In 2006, the French Competition Authority (the Conseil) started to investigate whether a number of manufacturers of cosmetics and personal care products had violated competition law by preventing internet sales of their products. Of the eleven companies concerned, ten agreed to amend their distribution agreements. Pierre Fabre, the sole undertaking refusing to amend its policy, was imposed a fine of € 17,000.

After Pierre Fabre lodged an appeal against the decision of the Conseil, the Paris Court of Appeal made a preliminary reference to the ECJ (Case C-439/09). The Court of Justice provided the following guidance:

  • A contractual clause requiring sales of cosmetics and personal care products to be made in a physical space in the presence of a qualified pharmacist, resulting in a ban on internet sales, amounts to a restriction by object in the meaning of Article 101(1) TFEU where, having regard to the properties of the products at issue, such clause is not objectively justified.
  • A clause prohibiting de facto internet sales cannot benefit from the Vertical Block Exemption Regulation. It can nonetheless benefit from an individual exemption insofar as the four cumulative conditions of Article 101(3) TFEU are met.

In its judgment of 31 January 2013, the Paris Court of Appeal essentially applies the two cited principles to the selective distribution network of Pierre Fabre.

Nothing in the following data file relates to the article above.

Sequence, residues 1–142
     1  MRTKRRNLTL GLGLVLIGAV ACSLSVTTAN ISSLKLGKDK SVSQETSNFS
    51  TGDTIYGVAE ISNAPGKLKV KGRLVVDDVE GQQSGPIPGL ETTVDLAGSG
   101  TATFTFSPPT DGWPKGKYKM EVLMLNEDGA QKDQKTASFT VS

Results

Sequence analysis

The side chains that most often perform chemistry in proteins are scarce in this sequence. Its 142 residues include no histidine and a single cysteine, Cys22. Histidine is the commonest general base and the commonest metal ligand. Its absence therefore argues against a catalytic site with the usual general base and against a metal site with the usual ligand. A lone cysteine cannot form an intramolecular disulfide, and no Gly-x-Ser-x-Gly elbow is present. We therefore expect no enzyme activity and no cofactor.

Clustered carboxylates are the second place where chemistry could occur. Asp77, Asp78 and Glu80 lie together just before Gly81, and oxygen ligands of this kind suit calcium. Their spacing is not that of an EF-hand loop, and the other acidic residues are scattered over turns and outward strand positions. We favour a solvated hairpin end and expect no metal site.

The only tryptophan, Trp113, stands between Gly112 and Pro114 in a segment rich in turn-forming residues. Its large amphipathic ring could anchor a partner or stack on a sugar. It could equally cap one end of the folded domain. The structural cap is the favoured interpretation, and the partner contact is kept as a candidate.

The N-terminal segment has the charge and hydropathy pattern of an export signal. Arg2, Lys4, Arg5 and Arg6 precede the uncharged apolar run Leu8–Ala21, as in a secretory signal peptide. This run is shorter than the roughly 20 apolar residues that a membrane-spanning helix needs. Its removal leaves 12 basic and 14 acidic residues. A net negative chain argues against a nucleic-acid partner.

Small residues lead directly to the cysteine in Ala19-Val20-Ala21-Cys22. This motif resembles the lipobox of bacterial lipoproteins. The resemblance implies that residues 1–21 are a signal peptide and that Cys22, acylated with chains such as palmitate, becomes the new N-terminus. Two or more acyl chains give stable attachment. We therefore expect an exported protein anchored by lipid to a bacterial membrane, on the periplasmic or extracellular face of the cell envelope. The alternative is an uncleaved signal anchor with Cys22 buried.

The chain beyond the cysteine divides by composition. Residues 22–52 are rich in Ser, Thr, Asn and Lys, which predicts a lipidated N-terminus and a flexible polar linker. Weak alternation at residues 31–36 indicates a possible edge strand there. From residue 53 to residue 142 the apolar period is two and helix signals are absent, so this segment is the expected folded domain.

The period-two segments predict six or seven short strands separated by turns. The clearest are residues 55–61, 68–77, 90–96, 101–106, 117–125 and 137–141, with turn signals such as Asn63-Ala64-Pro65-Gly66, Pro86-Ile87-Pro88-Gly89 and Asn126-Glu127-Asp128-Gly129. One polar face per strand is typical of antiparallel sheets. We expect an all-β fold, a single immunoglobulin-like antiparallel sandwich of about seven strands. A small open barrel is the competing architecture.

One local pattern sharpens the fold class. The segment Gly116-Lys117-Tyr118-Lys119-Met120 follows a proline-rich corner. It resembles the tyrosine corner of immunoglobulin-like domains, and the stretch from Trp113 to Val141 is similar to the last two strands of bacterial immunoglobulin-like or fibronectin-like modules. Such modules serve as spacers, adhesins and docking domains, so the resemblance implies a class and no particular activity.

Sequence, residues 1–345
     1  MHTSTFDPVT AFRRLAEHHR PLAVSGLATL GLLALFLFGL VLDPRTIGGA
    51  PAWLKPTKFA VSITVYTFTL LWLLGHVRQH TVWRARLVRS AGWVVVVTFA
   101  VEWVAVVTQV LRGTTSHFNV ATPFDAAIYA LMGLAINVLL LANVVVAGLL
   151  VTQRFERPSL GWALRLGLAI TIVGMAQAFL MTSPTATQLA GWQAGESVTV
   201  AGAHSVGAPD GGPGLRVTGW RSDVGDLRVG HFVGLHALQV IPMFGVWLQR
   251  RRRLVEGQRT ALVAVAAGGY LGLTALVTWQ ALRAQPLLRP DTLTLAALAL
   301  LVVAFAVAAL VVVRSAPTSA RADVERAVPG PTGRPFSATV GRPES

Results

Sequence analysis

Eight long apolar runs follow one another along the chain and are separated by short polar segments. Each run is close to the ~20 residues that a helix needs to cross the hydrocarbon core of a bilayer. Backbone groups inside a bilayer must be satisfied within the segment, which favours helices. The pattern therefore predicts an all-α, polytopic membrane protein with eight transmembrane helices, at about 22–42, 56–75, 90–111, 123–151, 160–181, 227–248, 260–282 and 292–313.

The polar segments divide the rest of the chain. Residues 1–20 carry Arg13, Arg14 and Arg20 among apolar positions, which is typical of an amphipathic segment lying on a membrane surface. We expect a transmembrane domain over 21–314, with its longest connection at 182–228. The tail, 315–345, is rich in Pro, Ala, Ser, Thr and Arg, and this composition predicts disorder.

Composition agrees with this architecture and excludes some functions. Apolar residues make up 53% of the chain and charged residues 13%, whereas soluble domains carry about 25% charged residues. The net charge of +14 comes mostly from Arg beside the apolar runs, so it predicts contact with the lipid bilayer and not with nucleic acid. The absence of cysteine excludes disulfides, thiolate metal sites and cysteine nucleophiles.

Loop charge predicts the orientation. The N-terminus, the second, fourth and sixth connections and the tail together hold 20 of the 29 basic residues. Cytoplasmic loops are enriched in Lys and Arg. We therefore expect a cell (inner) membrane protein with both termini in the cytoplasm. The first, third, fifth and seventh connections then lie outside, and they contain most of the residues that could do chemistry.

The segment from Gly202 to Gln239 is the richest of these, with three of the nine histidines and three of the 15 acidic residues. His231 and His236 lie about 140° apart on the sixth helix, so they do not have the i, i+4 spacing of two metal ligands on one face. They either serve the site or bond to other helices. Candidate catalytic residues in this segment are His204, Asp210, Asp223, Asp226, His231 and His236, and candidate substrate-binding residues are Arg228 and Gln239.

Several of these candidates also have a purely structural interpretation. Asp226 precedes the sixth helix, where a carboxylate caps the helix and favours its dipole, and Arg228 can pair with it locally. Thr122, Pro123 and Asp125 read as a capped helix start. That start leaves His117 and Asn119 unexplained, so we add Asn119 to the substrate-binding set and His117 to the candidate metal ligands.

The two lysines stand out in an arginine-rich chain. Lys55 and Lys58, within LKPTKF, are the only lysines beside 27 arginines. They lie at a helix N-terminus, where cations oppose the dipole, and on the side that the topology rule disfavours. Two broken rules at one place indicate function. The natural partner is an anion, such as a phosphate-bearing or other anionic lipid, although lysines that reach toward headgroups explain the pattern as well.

As to the existence of an ‘objective justification’, the arguments of Pierre Fabre are rebutted one by one. Thus, the arguments related to the protection of consumer harm are deemed unconvincing. Similarly, the need to offer personalized advice to the customer does not constitute a valid justification, since such advice can also be provided on a webpage – as the practice of Pierre Fabre’s competitors illustrates. The Court concludes that the clauses qualify as ‘restrictions by object’.

The Court next denies that the clauses meet the cumulative requirements of Article 101(3) TFEU. In particular, it dismisses the three efficiency gains invoked by Pierre Fabre, i.e. the guaranteeing of personalized advice, the prevention of imitation products and the prevention of parasitism. As to the first and third elements, the Court finds that an absolute ban on internet sales is not indispensable to meet these objectives. As for the second one, it holds that there is no causal link between the permitting of internet sales and the trade in imitation products.

The decision of the Conseil is accordingly upheld.